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Is brand location an outdated concept?

stevejobs

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Where clothes and watches are made location-wise is still a parmount concern for sellers of luxury goods. If the brand is not made in some European locale, it is seen by consumers as inferior and unworthy of a high price tag (This is because so much marketing goes into reinforcing the Eurocentric imagery). But we are in the 21st century where modern manufacturing is all about worldwide distribution and logistics. Do luxury brands do consumers a disservice by misleading them into thinking that the location of where a product is made has anything to do with the quality of the good produced?

I think so. Luxury brands should take their cue from another high status brand, Apple. Apple doesn't care that its ipods and iphones are manufactured in Asia and has not seen its luster decline in the eyes of consumers.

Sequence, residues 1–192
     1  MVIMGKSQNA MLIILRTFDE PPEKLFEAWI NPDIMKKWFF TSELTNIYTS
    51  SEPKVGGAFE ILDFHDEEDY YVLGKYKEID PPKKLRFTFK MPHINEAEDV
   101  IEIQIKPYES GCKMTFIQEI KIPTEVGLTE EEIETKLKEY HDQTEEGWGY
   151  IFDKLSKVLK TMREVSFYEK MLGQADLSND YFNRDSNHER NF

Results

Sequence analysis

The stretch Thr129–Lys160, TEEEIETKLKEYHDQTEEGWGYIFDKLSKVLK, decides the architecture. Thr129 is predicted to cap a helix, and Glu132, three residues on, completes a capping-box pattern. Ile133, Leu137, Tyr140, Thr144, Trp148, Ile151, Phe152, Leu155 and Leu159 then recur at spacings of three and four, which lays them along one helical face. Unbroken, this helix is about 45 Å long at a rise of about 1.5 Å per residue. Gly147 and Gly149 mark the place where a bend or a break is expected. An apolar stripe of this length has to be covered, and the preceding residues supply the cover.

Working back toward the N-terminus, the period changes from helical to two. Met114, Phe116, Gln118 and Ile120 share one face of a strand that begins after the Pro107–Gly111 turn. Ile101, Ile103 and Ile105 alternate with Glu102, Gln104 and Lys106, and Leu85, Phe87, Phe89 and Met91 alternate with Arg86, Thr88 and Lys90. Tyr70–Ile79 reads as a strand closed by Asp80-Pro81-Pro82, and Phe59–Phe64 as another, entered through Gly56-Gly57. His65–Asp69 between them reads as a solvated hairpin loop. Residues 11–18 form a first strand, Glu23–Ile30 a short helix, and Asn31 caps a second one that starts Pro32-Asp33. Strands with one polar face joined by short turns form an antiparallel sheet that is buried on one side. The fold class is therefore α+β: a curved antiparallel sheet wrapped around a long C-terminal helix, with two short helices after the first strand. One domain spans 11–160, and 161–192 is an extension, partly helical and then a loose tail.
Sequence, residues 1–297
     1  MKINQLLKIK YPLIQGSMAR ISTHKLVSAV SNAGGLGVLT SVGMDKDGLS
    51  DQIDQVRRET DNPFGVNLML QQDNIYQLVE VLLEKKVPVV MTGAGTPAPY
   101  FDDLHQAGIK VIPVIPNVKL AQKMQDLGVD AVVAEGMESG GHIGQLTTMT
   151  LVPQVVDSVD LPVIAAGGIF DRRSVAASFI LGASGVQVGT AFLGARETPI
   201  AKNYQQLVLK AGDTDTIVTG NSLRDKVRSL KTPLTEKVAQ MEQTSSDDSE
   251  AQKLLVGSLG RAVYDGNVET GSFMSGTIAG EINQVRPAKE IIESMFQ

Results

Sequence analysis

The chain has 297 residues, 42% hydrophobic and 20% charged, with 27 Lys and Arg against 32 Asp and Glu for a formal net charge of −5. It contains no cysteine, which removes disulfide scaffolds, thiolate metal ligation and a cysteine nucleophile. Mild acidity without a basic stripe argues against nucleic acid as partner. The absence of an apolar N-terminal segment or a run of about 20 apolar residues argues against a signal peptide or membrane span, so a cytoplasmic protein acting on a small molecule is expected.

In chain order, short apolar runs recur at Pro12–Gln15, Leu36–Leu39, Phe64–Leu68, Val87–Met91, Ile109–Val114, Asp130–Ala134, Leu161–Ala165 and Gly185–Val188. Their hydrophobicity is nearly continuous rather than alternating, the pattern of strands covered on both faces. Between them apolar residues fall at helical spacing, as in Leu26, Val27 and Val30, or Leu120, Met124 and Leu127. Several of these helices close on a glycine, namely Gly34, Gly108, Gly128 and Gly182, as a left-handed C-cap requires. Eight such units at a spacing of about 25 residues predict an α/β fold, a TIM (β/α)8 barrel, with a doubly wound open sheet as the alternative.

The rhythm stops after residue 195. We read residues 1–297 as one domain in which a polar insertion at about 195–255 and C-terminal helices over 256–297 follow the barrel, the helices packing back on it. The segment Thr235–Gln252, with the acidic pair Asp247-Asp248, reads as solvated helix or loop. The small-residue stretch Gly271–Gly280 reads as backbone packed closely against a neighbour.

Cary Grant

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Originally Posted by stevejobs
Where clothes and watches are made location-wise is still a parmount concern for sellers of luxury goods. If the brand is not made in some European locale, it is seen by consumers as inferior and unworthy of a high price tag (This is because so much marketing goes into reinforcing the Eurocentric imagery). But we are in the 21st century where modern manufacturing is all about worldwide distribution and logistics. Do luxury brands do consumers a disservice by misleading them into thinking that the location of where a product is made has anything to do with the quality of the good produced?

I think so. Luxury brands should take their cue from another high status brand, Apple. Apple doesn't care that its ipods and iphones are manufactured in Asia and has not seen its luster decline in the eyes of consumers.


Comparing consumers love of brand in a laptop versus a hand-tailored suit is pretty specious, IMO.